Facebook Tops Lobbying Spending in 2020
Last night, the major tech companies disclosed their lobbying spending for the fourth quarter of 2020, with Facebook taking the lead for the full year with $19.68 million in spending, according to CNBC.
Facebook, which spent $4.7 million in lobbying spending in the fourth quarter, according to federal documents filed last night, increased its lobbying spending by 17.8% compared to 2019. In the fourth quarter, Facebook’s lobbying issues included copyright reform, election integrity, content policy and immigration and tax policies, according to the federal filings as reported by CNBC.
The other so-called FAANG companies (Facebook, Amazon, Apple, Netflix and Alphabet — formerly known as Google) also spent a lot on lobbying efforts.
Amazon reported spending $17.86 million in 2020 compared to $16.1 million a year before, according to CNBC. Issues the company lobbied for last year were related to intellectual property, including copyright reform and online infringement; tax, including renewable energy tax credits and implementation of the Tax Cut and Jobs Act; and issues related to combating price gouging and false claims related to COVID-19, including implementation of the CARES Act, according to the company’s filings.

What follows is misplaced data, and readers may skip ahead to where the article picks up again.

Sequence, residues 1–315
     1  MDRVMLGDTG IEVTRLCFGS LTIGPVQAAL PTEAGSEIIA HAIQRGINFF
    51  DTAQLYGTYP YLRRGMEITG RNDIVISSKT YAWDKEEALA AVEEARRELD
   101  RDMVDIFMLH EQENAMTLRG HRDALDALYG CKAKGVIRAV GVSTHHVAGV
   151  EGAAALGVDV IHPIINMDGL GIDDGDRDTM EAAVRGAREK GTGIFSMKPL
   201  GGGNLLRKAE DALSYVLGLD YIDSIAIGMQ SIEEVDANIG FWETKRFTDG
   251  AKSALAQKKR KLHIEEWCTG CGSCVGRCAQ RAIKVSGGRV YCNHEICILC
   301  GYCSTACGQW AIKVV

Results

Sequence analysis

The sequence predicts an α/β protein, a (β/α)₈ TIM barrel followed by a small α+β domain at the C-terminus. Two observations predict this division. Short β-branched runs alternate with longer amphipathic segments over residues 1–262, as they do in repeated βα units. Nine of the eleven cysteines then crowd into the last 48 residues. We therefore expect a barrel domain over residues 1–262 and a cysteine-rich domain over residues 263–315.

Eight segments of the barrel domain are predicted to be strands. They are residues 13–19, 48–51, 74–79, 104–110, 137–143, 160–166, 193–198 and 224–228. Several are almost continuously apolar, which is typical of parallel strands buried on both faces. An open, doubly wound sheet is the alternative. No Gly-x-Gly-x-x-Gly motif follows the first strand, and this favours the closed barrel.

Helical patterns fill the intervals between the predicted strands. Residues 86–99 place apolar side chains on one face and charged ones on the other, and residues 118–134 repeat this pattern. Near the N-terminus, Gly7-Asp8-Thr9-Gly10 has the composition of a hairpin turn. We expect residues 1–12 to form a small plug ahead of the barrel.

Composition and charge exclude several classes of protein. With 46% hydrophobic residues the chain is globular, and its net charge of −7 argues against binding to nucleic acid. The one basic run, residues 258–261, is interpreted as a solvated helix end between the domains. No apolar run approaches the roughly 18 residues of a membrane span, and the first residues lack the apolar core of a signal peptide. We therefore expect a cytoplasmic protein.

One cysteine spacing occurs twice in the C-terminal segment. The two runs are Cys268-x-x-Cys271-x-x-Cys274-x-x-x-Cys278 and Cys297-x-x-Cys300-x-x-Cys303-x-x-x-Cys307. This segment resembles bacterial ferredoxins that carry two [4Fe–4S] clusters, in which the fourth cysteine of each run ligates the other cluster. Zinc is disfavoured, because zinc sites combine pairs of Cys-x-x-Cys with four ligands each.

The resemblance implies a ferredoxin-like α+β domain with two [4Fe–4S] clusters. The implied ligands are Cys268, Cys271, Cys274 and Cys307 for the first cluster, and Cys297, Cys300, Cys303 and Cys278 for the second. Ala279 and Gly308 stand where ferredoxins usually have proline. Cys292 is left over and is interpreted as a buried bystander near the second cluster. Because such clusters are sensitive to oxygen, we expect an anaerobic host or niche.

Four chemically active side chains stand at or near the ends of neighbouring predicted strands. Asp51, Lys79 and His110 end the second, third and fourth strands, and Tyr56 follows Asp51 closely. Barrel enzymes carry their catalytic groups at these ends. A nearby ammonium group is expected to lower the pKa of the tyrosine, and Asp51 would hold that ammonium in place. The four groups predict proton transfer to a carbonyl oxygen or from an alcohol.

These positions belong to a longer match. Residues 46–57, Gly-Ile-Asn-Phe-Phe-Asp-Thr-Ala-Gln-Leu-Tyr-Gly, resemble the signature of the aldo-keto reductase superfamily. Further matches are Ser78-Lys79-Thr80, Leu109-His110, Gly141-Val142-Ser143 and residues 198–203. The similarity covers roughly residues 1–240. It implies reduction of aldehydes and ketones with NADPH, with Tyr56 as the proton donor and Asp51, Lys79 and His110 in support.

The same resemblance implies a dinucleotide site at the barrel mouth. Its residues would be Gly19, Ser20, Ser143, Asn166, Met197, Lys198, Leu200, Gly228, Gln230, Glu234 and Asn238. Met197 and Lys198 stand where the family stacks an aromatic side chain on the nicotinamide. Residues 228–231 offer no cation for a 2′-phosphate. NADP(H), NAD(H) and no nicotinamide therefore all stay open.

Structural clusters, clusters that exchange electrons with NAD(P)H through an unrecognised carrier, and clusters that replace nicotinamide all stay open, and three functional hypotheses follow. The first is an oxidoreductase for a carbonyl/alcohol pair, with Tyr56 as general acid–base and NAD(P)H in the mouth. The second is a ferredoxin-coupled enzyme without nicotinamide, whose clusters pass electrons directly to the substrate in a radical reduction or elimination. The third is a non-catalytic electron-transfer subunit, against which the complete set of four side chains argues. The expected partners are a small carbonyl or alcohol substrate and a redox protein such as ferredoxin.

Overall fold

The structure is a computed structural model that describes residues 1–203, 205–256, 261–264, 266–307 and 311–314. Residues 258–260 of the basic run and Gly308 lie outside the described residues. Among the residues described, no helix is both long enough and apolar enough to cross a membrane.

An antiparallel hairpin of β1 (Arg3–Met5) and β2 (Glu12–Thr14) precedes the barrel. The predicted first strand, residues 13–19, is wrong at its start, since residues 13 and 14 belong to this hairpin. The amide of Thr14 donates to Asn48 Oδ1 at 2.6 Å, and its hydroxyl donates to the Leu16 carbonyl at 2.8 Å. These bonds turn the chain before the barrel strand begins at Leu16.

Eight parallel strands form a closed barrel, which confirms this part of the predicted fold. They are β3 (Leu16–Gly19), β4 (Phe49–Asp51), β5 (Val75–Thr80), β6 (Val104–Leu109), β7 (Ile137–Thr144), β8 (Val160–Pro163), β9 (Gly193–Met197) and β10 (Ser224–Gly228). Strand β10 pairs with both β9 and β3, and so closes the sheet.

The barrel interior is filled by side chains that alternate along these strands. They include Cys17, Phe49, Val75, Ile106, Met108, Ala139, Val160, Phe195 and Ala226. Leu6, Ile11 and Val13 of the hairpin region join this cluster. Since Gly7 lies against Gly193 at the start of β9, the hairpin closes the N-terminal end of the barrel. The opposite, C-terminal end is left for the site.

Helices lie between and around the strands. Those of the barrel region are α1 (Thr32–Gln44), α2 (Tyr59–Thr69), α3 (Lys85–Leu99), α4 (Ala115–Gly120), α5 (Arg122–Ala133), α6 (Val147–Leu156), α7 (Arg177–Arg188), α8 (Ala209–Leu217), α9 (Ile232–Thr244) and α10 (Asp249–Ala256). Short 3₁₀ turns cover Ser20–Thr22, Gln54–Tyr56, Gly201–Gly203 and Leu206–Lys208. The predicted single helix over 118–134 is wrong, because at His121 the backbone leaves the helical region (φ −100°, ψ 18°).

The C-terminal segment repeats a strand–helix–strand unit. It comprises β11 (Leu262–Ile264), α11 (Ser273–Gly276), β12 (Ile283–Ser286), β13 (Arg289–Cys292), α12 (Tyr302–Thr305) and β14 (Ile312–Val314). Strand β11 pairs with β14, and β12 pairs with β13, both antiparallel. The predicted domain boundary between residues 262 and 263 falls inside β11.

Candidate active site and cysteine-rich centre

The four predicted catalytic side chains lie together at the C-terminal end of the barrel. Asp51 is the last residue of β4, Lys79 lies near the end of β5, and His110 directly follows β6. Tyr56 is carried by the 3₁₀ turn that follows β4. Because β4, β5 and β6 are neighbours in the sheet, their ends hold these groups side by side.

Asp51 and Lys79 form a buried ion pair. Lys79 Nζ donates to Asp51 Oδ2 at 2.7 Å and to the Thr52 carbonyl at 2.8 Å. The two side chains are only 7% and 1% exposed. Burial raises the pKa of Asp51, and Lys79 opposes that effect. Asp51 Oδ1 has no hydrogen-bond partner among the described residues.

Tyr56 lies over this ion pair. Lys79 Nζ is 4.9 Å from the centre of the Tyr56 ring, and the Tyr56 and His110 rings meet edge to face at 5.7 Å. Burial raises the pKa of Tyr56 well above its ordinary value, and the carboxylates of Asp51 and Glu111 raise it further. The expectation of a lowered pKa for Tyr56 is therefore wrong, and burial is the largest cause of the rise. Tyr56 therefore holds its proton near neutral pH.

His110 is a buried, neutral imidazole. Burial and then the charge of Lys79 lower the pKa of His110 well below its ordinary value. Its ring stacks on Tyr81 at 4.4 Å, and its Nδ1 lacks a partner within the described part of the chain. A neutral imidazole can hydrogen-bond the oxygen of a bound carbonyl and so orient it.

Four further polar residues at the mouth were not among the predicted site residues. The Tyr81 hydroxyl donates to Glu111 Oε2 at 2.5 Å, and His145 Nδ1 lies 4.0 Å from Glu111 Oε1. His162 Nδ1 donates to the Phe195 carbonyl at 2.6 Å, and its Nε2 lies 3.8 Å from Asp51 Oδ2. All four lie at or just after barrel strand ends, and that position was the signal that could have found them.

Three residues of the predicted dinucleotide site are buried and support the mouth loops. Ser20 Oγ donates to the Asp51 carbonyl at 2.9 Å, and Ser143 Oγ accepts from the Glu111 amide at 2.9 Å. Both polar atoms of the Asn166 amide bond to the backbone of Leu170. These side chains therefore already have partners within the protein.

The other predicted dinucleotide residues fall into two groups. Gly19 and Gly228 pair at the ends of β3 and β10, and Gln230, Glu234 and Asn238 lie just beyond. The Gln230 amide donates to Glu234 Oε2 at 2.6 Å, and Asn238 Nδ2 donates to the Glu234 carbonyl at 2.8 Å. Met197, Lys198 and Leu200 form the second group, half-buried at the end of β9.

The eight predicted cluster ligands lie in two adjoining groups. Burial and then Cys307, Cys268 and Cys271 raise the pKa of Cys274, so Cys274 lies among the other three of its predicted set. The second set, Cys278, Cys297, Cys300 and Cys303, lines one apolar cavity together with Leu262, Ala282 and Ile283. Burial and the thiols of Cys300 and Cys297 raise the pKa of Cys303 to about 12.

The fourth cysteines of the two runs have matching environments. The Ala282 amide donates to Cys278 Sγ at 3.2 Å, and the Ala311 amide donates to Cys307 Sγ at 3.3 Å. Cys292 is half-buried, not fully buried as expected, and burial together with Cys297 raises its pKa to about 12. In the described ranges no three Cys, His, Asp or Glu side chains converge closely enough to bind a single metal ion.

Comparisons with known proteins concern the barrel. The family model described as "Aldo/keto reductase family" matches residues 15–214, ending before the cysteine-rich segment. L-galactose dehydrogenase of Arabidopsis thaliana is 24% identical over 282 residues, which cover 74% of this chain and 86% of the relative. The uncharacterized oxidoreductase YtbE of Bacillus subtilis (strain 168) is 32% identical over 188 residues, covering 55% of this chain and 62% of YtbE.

On the other hand, Google spent 36.2% less on lobbying in 2020 compared with 2019, with spending totaling $7.53 million, according to CNBC. For the fourth quarter of 2020, the company spent $2.21 million on issues ranging from intellectual property enforcement to remote learning issues and pandemic mapping and contact tracing, according to documents filed last night.
Apple spent $6.7 on lobbying efforts, below the $7.4 million it spent in 2019, according to MarketWatch. Issues the company lobbied for included education technology funding, green technology, issues related to consumer health data and issues related to diversity in the workplace.
At the bottom of the lobbying spending list for big tech companies, Netflix disclosed spending just $750,000 in 2020, down from its 2015 peak of $1.3 million, according to MarketWatch. In the fourth quarter, the company spent $70,000 in lobbying. The company’s lobbying efforts centered around intellectual property, internet nondiscrimination and economic stimulus, according to its federal filings.
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